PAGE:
A new decision by the Law Society of Upper Canada that considered a black lawyer’s disadvantage in his articling experiences could hold the key to a frank discussion on systemic discrimination in the profession, according to lawyers familiar with the ruling.
Although a law society appeal panel found Toronto real estate lawyer Selwyn McSween guilty of professional misconduct for “completely abdicating his professional responsibility” to an allegedly unscrupulous law clerk, dissenting appeal panellists Clayton Ruby and Constance Backhouse acknowledged the 66-year-old man from Trinidad faced “systemic disadvantages” that eventually led him to hire the clerk and ultimately to “an increased risk of disbarment.”
“We cannot close our eyes to the disproportionate number of black lawyers whom we find before us faced with very grave professional misconduct allegations,” Ruby wrote in the dissenting opinion for Law Society of Upper Canada v. Selwyn Milan McSween.
“The legal profession has made no concerted effort to rid itself of the racism inherent in the practice. The effects of racial inequality are real, not imagined, and we do the public no favour by refusing to acknowledge them.”
In 2010, McSween, a budding real estate lawyer and former investigator with the Ontario Human Rights Commission, had his licence to practise law revoked after the law society found he knowingly assisted in 10 fraudulent mortgage transactions allegedly initiated by law clerk Maureen French.
McSween, according to the ruling this month, had hired French after a difficult start in the profession that included more than 50 failed attempts to secure articling positions.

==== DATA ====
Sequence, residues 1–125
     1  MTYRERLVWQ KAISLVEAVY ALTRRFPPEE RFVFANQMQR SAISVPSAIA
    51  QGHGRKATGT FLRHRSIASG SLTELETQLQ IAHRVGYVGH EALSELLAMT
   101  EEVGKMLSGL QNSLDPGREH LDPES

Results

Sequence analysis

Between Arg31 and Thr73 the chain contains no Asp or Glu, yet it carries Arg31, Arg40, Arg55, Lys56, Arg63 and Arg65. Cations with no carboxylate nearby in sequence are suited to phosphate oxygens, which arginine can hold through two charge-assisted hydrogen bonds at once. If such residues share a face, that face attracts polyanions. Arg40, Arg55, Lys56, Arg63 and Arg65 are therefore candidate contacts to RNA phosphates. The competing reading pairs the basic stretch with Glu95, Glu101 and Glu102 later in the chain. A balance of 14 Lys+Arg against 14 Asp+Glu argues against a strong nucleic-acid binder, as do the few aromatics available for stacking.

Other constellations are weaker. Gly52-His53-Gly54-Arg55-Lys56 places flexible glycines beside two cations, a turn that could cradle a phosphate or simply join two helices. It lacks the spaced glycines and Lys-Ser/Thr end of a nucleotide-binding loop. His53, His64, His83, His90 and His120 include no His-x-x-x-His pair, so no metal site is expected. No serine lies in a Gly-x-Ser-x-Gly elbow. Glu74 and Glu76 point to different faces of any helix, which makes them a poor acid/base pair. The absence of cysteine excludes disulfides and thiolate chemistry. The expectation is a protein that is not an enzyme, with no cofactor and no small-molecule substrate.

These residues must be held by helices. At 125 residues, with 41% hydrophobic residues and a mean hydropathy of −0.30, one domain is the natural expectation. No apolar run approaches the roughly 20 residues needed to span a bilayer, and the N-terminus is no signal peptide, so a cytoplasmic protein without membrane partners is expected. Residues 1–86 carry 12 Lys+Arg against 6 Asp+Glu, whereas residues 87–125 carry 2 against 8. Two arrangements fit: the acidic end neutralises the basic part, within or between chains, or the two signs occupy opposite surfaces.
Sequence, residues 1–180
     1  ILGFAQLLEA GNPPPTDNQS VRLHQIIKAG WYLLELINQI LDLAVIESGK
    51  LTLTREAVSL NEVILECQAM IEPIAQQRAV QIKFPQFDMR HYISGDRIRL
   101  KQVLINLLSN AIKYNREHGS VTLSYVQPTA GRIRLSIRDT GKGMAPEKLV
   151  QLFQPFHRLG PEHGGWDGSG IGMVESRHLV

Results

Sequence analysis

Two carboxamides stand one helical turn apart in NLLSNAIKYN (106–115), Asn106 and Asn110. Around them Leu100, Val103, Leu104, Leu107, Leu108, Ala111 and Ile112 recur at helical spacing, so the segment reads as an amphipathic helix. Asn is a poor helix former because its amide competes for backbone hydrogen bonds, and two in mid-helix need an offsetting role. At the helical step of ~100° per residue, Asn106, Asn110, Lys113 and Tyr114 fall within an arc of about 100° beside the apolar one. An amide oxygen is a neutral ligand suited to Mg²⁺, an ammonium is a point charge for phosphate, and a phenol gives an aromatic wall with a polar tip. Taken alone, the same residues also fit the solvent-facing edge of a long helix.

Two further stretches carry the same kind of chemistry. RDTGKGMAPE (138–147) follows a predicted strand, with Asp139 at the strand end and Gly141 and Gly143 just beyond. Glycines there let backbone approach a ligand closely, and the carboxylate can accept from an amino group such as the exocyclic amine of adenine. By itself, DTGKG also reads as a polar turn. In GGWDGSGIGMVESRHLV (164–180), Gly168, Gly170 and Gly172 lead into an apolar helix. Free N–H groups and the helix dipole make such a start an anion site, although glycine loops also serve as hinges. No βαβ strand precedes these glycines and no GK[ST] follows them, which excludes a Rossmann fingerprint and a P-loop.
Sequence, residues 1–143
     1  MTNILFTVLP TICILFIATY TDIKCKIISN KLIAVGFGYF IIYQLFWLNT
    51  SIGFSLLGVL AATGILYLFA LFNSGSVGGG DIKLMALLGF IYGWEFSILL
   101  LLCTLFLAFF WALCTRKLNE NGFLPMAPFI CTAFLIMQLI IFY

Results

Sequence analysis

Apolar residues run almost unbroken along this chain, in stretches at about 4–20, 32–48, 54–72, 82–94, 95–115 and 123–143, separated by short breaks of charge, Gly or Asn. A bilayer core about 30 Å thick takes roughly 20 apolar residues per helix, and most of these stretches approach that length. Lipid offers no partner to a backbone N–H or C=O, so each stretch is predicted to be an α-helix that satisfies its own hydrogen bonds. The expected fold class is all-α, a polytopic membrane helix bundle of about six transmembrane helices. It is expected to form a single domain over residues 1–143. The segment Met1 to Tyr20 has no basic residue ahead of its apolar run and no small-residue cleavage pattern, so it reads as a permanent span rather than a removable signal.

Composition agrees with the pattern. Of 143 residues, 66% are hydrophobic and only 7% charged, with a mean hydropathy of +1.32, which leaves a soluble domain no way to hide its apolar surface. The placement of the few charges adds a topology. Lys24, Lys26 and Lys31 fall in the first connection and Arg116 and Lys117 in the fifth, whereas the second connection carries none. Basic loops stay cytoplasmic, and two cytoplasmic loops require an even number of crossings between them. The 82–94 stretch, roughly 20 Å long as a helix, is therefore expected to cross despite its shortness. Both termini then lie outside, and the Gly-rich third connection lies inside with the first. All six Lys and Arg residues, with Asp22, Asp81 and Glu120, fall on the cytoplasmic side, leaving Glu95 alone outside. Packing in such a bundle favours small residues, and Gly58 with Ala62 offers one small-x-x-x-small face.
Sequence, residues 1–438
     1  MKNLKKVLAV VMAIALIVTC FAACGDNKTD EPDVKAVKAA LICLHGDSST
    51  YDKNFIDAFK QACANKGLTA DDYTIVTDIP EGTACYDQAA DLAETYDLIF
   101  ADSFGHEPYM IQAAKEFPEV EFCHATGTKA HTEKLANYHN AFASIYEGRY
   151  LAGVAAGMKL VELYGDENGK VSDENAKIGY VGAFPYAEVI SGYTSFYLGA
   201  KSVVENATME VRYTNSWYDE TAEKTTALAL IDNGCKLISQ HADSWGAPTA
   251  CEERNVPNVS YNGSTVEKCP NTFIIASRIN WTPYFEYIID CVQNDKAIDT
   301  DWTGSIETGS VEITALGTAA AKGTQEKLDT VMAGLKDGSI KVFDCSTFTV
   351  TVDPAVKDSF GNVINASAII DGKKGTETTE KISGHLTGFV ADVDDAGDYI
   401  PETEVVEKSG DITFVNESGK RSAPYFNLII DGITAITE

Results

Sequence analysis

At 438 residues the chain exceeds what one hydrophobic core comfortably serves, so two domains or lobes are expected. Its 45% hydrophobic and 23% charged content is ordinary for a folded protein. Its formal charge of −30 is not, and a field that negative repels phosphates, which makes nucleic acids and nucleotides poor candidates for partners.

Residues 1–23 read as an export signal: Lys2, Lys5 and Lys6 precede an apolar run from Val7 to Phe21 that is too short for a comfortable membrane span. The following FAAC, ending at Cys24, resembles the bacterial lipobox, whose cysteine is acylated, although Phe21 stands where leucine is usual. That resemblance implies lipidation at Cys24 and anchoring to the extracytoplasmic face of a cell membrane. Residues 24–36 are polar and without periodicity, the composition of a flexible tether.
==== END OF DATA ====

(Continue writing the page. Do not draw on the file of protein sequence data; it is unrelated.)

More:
But shortly after hiring French in 2004, the clerk allegedly began a series of fraudulent mortgage transactions over the course of several months. McSween argued he knew nothing about the transactions.
“I’m not looking for fraud,” the Jan. 13 appeal ruling quoted McSween as saying in November 2009. “I’m not looking for tricks or anything. I’m not looking to make money.
I just wanted to get started in the profession, so I didn’t even know anybody who knew about tricks of real estate or professionals in real estate, so these people told me, they said look, I’m going to bring people to do the transactions.
Ms. French told me I will teach you everything I know. That’s how I really got involved with them.”
McSween added: “And as much as I regret my own responsibility in this, I regret some of the circumstances didn’t really favour me in terms of getting help from others.
I went to other lawyers, senior lawyers. I asked them for help. I wasn’t able to get help.”
McSween alleged French, whom he had employed to teach him about real estate law between 2004 and 2005 when the fraudulent activity took place, had duped him.
In his view, his race prevented him from securing meaningful articling positions that would have given him the experience necessary to run a successful real estate practice, ultimately leading him to employ French in order to learn about the profession.
The appeal panel ruled that because McSween had failed to guard himself against French, he must surrender his licence. After the original hearing panel disbarred him, McSween sought permission to resign.
The appeal panel issued the more lenient penalty but
nevertheless emphasized the misconduct.
“Sometimes, there is a mistaken impression that if the society fails to prove knowledge, willful blindness or recklessness, there can be no professional misconduct,” the appeal panel wrote in the majority decision.